Mickey's Mail - November 1, 2017

  Mickey's Mail - 11/1/17 

Today is precisely the one-year anniversary of the day I assumed the position of President and CEO of your Bridgeport Regional Business Council. As I think back over the past year, I am encouraged by any number of positive developments, and certainly a few negative ones, too. And I have certainly written about nearly all of these developments in my 50-odd “Mickey’s Mails”. I want to focus today on a development I did not see coming...the demise of the Bridgeport Bluefish.

The City of Bridgeport has lost its professional baseball club, the Bridgeport Bluefish, which occupied so much of my life from 1996 through 2005.

Ironically, today is the day of the Atlantic League’s Player Dispersal draft whereby the remaining seven Atlantic League teams will be obtaining the 2018 negotiating rights to players whose rights were controlled by the Bluefish.

There are three rounds in the draft with a fourth pick optional. Any players that are not drafted will become free agents.

Thus, this really is the end of the road for the Bluefish. When the team emptied the Ballpark at Harbor Yard of all of its personal property a few weeks ago, it seemed like the end then. Now it really is, so we can stop talking about where the team will play in 2018 and 2019. It is now totally disbanded, sine die. 

Coincidentally, this weekend I came across an editorial in The Bridgeport News, published over 20 years ago, on May 29, 1997, almost exactly one year before the Bluefish played its first game at the Ballpark at Harbor Park.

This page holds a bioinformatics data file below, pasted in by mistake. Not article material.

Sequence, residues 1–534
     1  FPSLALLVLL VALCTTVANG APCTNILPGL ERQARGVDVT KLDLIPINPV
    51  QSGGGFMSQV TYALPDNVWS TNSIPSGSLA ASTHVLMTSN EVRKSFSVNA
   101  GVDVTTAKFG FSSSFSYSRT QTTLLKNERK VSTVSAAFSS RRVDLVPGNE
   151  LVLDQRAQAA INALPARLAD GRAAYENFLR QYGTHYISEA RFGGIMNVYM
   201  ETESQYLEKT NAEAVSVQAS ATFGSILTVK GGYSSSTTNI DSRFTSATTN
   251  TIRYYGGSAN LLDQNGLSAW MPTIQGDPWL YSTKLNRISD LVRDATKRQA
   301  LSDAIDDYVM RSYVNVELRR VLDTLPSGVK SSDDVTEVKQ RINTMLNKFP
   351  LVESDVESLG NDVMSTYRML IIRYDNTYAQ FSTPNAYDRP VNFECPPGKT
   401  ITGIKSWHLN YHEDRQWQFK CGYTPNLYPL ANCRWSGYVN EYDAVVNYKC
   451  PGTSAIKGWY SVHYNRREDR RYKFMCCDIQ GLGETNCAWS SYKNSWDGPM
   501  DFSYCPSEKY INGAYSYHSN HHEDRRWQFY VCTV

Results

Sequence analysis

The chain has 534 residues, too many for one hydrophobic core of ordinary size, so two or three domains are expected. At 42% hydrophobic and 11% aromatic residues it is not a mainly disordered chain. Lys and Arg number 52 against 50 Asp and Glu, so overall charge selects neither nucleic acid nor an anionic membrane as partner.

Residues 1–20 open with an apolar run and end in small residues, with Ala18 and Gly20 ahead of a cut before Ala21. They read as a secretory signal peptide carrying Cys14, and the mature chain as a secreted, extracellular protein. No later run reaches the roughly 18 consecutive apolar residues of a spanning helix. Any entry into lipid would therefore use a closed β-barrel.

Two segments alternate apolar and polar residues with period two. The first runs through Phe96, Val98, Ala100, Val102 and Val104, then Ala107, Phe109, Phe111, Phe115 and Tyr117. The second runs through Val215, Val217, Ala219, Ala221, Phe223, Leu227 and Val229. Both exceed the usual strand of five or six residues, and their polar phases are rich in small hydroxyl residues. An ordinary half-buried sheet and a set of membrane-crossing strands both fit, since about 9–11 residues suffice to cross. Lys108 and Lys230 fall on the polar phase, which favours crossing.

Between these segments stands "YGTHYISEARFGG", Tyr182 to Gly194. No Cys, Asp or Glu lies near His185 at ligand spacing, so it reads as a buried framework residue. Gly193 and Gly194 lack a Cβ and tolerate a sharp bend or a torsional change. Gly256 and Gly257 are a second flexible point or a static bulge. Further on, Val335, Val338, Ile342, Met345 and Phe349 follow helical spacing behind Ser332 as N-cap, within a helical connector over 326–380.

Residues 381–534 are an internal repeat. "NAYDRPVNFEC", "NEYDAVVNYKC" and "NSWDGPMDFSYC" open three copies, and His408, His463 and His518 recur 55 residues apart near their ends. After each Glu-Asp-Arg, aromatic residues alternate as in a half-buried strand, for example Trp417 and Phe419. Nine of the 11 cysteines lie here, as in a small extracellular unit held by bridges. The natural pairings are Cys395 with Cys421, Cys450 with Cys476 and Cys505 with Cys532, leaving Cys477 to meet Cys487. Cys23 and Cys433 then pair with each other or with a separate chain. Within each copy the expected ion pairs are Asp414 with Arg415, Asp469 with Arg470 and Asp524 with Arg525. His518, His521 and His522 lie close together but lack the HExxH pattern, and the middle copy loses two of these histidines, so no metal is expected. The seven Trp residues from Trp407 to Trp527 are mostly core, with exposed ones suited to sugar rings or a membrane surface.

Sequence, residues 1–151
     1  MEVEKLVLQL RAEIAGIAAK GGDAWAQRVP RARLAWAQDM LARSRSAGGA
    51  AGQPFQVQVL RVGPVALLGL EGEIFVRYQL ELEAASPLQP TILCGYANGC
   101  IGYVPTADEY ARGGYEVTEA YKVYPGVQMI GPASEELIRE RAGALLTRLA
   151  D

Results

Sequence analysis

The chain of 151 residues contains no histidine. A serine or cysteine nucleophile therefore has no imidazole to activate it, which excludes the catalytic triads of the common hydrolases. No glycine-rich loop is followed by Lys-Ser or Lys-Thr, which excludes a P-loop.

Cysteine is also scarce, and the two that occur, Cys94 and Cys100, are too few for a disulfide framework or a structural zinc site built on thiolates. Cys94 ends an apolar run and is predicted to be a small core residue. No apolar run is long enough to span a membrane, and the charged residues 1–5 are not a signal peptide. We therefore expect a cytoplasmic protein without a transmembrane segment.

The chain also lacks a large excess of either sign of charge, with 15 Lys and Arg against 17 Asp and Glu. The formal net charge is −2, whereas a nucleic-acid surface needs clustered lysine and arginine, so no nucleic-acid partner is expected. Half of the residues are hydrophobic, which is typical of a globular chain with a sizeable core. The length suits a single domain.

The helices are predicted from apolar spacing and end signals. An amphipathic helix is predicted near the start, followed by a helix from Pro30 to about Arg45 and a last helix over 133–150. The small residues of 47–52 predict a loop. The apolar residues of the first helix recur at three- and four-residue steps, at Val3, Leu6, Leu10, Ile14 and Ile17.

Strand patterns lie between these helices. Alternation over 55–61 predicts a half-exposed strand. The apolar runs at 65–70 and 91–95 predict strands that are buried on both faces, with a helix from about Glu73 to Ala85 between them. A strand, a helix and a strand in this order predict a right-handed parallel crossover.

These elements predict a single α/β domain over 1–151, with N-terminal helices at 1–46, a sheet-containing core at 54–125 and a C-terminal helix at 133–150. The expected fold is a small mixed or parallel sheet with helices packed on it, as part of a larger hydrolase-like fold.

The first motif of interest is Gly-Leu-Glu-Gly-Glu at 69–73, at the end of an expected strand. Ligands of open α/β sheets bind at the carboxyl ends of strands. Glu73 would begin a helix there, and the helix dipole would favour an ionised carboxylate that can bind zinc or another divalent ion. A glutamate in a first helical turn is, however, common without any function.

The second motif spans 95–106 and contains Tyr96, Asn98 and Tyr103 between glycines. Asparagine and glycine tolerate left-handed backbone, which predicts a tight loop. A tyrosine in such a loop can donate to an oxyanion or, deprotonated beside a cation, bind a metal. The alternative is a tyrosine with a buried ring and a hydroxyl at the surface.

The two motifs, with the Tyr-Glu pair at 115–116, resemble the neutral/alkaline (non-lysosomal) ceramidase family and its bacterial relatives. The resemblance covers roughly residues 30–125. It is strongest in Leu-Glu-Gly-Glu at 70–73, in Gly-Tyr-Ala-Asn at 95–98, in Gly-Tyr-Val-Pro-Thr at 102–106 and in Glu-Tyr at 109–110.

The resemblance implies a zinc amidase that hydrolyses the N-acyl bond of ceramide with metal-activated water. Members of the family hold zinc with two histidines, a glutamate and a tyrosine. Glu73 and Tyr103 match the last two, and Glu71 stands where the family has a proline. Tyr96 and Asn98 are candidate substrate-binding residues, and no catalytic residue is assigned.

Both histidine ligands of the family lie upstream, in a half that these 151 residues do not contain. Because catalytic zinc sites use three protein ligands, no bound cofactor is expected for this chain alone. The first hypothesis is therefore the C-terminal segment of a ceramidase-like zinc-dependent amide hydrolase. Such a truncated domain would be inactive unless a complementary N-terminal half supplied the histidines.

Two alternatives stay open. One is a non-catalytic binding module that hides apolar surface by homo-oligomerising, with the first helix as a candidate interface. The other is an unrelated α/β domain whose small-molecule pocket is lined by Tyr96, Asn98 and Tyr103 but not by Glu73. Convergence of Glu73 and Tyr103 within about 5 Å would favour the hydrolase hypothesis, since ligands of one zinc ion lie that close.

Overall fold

Here’s a piece of that editorial: 

The new stadium… will be more than a ball park. It will be a symbol of Bridgeport on the move. When people look and visit the ball park, they will sense a change in Bridgeport. They will feel safe in coming here with their families. They will notice the nearby Barnum Museum and Seaside Park. They may visit a Bridgeport restaurant or drinking establishment. They will tell their friends and families about the experience. 

There is no guarantee that the new ball team will be a success. Minor league baseball is a break-even proposition in most locations. Realistically, the team may not survive for a long time. Bridgeport will be a tough town to sell tickets, especially to suburbanites.

But even if only for a few years, the team - and new facility - will give Bridgeport an opportunity to change the perceptions of thousands of people.  

For about $14 million in taxpayers’ money, the minor league baseball park is a chance worth taking.

Well, the team lasted perhaps much longer than many “nay-sayers, complainers, nitpickers and doomsday predictors” as the Bridgeport News referred to them, claimed it would.

The team brought in an extraordinary number of suburban dwellers into our city. They came to enjoy affordable family entertainment. There was a renewed sense of fun and excitement in one of the state’s most tarnished urban communities.  And, local Bridgeport citizens also turned out in droves, and intermingled safely and happily with all those out-of-towners. 

Because of the success of the Bluefish, the Arena next door became a reality, with a professional minor league hockey team...even more affordable family entertainment.

Change is perhaps inevitable, and transition can be painful. And I am a fierce proponent of all the transformation that is now enveloping the BRBC and the many economic development projects underway in our region.

We have a special “Economic Development Briefing” on November 16 over breakfast at the Holiday Inn to celebrate the great new projects underway in downtown Bridgeport, in the West End and at Steel Point. And on December 5, we have MGM Chairman and CEO as our keynote speaker at our Annual Dinner at the Trumbull Marriott.

But I hope you will allow me this one last time in Mickey’s Mail to contemplate the loss of the Bridgeport Bluefish. In closing, I am reminded of what William Wordsworth once wrote; “Though nothing can bring back the hour, of splendor in the grass, of glory in the flower; we will grieve not, rather find, strength in what remains behind; in the primal sympathy which having been must ever be.”

May we never forget the Bridgeport Bluefish!